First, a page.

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Understanding Toddler Empathy Development

Updated: Sep 25, 2023

Okay, so even though young children can learn to share and express their needs in very basic ways, babies cannot manipulate adults. We have established that much. But what about developing empathy?

At what age do babies or toddlers develop empathy?

The answer here might surprise you a little. I think many people have learned of tales of babes in the hospital nursery all crying at the same time simply because one baby started crying. While that may be an early precursor to empathy development, it is not quite the way you or I think about social empathy. While we know that babies are naturally self-centered (also known as ego-centric), they actually start developing signs of empathy awareness earlier than we once believed.

Same sex couple holding a baby

Research suggests that early signs of empathy development are present between 8- and 10-months of life. As the infant grows and experiences prosocial interactions with their caregivers, so does their ability to identify distress on the faces of others. This makes sense if we think about know of child development. As a refresher, Babies between the ages of 6 to 9 months start to develop object permanence. This is the time that stranger awareness and anxiety first starts presenting itself. That means that faces take on a whole new meaning for babies around this age and they start studying faces with an increased level of interest. With the support of caregivers who are modeling empathy, babies learn the importance of empathy and what it looks and feels like to consider someone else's experience.

Does toddler empathy help development?

Asian girl and African American girl playing at preschool tabl with building blocks.

In studies that were examining how babies use faces to understand their surroundings, it was found that babies who showed signs of empathy by 10-months are at a higher likelihood to demonstrate positive prosocial behaviors in their preschool years (i.e., ages 2- to 5-years). This means that when babies nearing toddlerhood show empathy, they have more healthy social behaviors throughout their toddler years. While many people focus heavily on children knowing their ABCs, and 123s, the most definitive factor in later school success is actually social skills, not reading, math, or science. When children enter kindergarten, it is more important that they know how to interact with others and emotionally regulate (within age expectations) than it is for them to know all of the letters in the alphabet.

But is that only true for girls?

Nope. Contrary to popular belief, differences in empathy development between genders are not significant, such that babies of all genders have similar capacities and rates of empathy development. Remember, empathy development are prosocial behaviors, such as helping behaviors.

Helping behaviors are classified as empathy skills. Several studies have shown that many babies demonstrate a willingness to help, cooperate, and share with support from their caregivers. Often by age 18-months, toddlers share food and toys with familiar and unfamiliar adults. Additionally, toddlers will offer their support for task completion (e.g., toddlers may try to help their caregiver reach an item or problem-solve) when it is clear that the adult needs assistance. This demonstrates the existence of early altruistic (i.e., self-directed) helping desires in very young children.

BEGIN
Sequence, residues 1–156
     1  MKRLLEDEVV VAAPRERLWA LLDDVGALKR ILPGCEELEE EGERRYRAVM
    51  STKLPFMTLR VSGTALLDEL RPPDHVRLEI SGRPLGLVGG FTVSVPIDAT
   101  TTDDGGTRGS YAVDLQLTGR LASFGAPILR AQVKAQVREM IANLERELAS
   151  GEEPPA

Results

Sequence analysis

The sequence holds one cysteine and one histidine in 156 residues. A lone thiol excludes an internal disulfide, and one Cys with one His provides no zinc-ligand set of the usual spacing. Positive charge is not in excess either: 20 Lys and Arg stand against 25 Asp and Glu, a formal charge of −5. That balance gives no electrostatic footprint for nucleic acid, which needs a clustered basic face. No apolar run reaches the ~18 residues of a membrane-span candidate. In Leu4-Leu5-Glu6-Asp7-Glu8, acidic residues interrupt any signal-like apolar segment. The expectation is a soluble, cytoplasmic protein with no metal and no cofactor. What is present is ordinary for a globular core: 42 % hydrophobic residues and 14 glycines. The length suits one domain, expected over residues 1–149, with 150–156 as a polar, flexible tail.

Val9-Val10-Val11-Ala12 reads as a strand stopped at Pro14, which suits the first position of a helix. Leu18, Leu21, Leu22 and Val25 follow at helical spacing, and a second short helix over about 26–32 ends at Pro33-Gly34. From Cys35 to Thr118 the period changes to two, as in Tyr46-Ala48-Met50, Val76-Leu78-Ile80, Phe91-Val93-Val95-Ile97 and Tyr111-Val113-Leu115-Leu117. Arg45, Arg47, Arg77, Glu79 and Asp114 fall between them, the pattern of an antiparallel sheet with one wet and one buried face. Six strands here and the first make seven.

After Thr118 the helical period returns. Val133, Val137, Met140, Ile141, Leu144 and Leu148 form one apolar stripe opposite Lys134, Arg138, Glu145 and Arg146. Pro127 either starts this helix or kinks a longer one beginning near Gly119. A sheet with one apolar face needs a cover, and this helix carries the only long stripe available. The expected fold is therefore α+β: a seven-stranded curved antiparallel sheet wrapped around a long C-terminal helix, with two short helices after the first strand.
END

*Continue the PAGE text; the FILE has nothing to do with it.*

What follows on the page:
Let's recap the main ideas.

  • Babies start showing signs of empathy development around 8-months old.

  • There are no differences in gender when it comes to teaching toddler empathy or expression of toddler empathy.

  • Toddlers show signs of empathy towards the end of their first year are more likely to have healthy social skills in preschool.

  • Social skills are the strongest predictor for academic performance in the early elementary school.

  • Empathy development is not completely natural. Children learn empathy from having caregivers model this behavior.

Stay tuned for next week when we will explore the earliest development of social interest in babies. I am excited that you all have been reading these posts. Please feel free to send me a message or leave comment. Play doesn't stop being important when you turn a certain age. Everyday is precious. Take a moment to play a little today.


Dr. Dowtin


Hopefully, you enjoyed reading about baby and toddler infant development. Share newly learned or relearned knowledge with those you love.

Are you struggling with parenting? Schedule an intake session for you and your child.

Hey counselor trainees in Maryland (LGPC). Dr. Dowtin has an opening for group and individual supervision. She's approved by Maryland's Board of Professional Counselors and Therapists. Contact Dr. Dowtin to learn more.



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Dunfield, K., Kuhlmeier, V. A., O’Connell, L., & Kelley, E. (2011). Examining the diversity of

prosocial behavior: Helping, sharing, and comforting in infancy. Infancy, 16(3), 227-247. Retrieved from,

Warneken, F., & Tomasello, M. (2006). Altruistic helping in human infants and young

chimpanzees. science, 311(5765), 1301-1303.

Quann, V., & Wien, C. A. (2006). The visible empathy of infants and toddlers. Young Children, 61(4), 22. Retrieved from

Roth-Hanania, R., Davidoc, M., & Zahn-Waxler, C. (2011). Empathy development from 8 to 16 months: Early signs of concerns for others. Infant Behavior and Development, 34(3), 447-458.

Two girls playing: Photo by cottonbro on Pexels.


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